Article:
The overall power of platforms

One of the strengths of platform business models is their ability to scale quickly. Because they facilitate user interactions, they can grow quickly and reach large audiences, creating a positive feedback loop where more users attract more users, leading to exponential growth.

You can also use platforms to use discovery engines to reach a wider audience. Discovery engines help users find new content and products, which can drive more traffic to the platform. The use of data and algorithms can personalize recommendations to individual users based on their interests and behavior.

In particular, circular platforms can help respond to the growth of extended producer responsibility (EPR) laws. These laws assign responsibility for managing the environmental impact of a product’s end-of-life to manufacturers or brand owners, easing the burden on taxpayers. Joining a marketplace allows industries to improve recycling rates, reduce resource consumption, and prevent pollution.

Emerging opportunities

In addition to participating in existing circular marketplaces, I see new opportunities emerging to create circular markets. One area is about battery recycling. The shift to electric vehicles is creating significant demand for the materials used to make EV batteries. Ideally, circular platforms can organize battery collection and recycling, reducing the pressure to expand mining capacity.

Another example concerns the recycling of plastics used in the construction of new cars. BMW is already using recycled fishing nets to make headlining and floor mats for a few of their other models. Imagine a marketplace where all car manufacturers participated in a used plastic fair. Given the size of the automotive industry, such a market would create significant demand for plastic waste that is increasingly choking landfills and the oceans.

Challenges

Creating and growing circular marketplaces is not without its challenges. Like traditional platforms, circular platforms also need to overcome the classic “chicken and egg” dilemma to attract enough supply and demand to secure enough transactions.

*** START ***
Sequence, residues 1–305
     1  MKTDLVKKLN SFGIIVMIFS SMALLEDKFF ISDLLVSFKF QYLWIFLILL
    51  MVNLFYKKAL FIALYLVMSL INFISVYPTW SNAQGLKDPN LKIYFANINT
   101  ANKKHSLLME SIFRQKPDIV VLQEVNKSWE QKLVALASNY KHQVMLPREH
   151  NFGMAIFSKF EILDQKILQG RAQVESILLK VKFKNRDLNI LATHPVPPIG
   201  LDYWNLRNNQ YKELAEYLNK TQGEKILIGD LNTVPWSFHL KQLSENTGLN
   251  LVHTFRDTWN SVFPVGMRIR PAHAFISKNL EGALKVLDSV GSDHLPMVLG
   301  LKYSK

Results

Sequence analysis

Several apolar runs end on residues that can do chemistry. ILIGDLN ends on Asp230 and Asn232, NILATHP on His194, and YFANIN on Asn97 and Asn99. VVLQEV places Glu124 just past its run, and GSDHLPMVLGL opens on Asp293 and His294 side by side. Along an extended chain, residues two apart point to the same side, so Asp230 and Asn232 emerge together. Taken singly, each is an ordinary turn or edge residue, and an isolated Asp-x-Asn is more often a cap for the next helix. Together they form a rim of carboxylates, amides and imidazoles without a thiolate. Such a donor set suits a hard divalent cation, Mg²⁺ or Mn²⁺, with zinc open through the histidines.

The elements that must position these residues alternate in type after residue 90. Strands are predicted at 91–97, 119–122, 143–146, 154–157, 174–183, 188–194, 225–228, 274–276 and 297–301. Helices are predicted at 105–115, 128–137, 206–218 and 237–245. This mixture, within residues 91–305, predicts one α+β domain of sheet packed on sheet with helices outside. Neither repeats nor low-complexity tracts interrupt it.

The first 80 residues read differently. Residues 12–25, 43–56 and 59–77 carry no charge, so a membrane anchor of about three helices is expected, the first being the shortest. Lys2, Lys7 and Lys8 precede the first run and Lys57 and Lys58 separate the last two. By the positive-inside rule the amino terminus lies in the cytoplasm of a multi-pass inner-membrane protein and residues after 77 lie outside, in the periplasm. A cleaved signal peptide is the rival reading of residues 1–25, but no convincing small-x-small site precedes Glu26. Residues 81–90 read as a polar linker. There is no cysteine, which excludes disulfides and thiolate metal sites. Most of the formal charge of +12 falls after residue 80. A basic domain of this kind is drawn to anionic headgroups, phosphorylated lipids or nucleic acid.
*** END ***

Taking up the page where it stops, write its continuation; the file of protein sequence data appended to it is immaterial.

Circular marketplaces often meet with resistance as they may require changes in traditional procurement and supply chain management. Companies may need to rework business processes and tailor incentives to different stakeholders to create a closed system.

Other barriers to be recognized include the need for trust to ensure the quality and reliability of recycled materials. This requires things like testing and digital twin technology to capture, store and update critical information. Like other marketplaces, circular platforms also need to ensure timely delivery, inventory management, and handling of returns and refunds, all of which can be complex, time-consuming, and resource-intensive.

Circular platforms offer a promising path to a sustainable future by increasing material security, reducing waste and stimulating innovation. While the transition to a fully circular economy may take some time, I believe significant progress can be made by adopting circular platforms. These platforms can encourage companies to design products that are more durable, easier to repair and recyclable. By moving from a linear take-make-throw away economy to circular production and consumption models, we can pave the way for a more sustainable world.